Our data also imply that MPL is indispensable for the transformation of Ba/F3 cells by the CALR mutants. In an exceptional case, where the parental Ba/F3 cells could be transformed by mutant CALR, this was only possible by a stochastic event leading to selection of those cells that strongly upregulated the expression of endogenous MPL. In fact, this rare stochastic event led us to identify the mechanism of action by which CALR mutants can induce ligand-independent activation of the JAK-STAT signaling pathway in a completely unbiased approach. This ability of mutant CALR to activate MPL would explain the occurrence of CALR mutations specifically in ET and PMF. Both these diseases manifest as increase in thrombocyte numbers, and thrombocyte differentiation is induced by the activation of the thrombopoietin receptor (MPL). Furthermore, we performed CRISPR/Cas9-induced mutagenesis of the murine endogenous Calr locus. Our data showed that mutant Calr can likely mediate clonal advantage in only those hematopoietic progenitors that express MPL—hematopoietic stem cells and megakaryocytic progenitors. The bone marrow transplantation experiments reported by Marty et al.13 demonstrated the same concept in vivo. Moreover, activation of MPL leads to further downstream activation of the receptor-associated JAK2. This explains the ability of mutant CALR to activate JAK-STAT signaling as we had proposed previously and the efficacy of JAK2 inhibitors seen in two PMF patients.15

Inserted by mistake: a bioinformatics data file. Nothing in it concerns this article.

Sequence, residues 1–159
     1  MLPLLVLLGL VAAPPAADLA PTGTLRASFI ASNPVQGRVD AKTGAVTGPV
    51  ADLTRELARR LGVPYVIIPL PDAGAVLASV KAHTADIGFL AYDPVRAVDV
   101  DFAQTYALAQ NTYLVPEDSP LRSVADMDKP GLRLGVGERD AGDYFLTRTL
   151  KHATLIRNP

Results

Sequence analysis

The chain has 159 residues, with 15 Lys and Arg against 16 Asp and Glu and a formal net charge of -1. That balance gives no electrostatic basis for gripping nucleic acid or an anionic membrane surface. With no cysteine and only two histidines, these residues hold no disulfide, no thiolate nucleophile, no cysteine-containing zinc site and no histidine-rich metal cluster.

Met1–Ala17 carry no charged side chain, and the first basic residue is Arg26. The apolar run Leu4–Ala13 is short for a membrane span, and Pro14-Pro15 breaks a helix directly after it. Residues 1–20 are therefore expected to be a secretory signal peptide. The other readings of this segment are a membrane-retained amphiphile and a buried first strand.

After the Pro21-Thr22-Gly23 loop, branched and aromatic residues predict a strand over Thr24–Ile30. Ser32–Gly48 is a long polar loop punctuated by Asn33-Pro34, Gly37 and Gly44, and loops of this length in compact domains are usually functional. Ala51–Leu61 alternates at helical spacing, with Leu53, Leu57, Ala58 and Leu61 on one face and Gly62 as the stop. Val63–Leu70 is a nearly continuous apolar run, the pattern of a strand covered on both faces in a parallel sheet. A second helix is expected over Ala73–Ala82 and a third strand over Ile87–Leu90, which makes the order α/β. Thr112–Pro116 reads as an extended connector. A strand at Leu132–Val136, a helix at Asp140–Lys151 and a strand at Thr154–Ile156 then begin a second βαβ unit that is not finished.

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Acknowledgements

HN and RK acknowledge the support received by Austrian Science Fund (FWF: project numbers F2812-B20 and F4702-B20). BK was supported by MH CZ - DRO (FNBr, 65269705) and MUNI/A/1028/2015. WV and CM are supported by a grant from la Ligue Nationale contre le Cancer (équipe labellisée Hana Raslova 2013, 2016). Support for SNC and CP from Fondation contre le cancer, Salus Sanguinis, ARC and IAP MEGEI Belgium is acknowledged. RJ is supported by the Austrian Science Fund-FWF P29018-B30.

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Affiliations

  1. CeMM Research Center for Molecular Medicine of the Austrian Academy of Sciences, Vienna, Austria

    • H Nivarthi
    • , D Chen
    • , C Cleary
    • , B Kubesova
    • , R Jäger
    • , E Bogner
    •  & R Kralovics
  2. Center of Molecular Biology and Gene Therapy, Department of Internal Medicine-Hematology and Oncology, University Hospital Brno and Medical Faculty, Masaryk University, Brno, Czech Republic

    • B Kubesova
  3. INSERM, UMR1009, Institut Gustave Roussy, Villejuif, France

    • C Marty
    •  & W Vainchenker
  4. Université Paris-Saclay, UMR1009, Institut Gustave Roussy, Villejuif, France

    • C Marty
    •  & W Vainchenker
  5. Ludwig Institute for Cancer Research, Brussels, Belgium

    • C Pecquet
    •  & S N Constantinescu
  6. de Duve Institute, Université catholique de Louvain, Brussels, Belgium

    • C Pecquet
    •  & S N Constantinescu

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The authors declare no conflict of interest.

Corresponding authors

Correspondence to H Nivarthi or R Kralovics.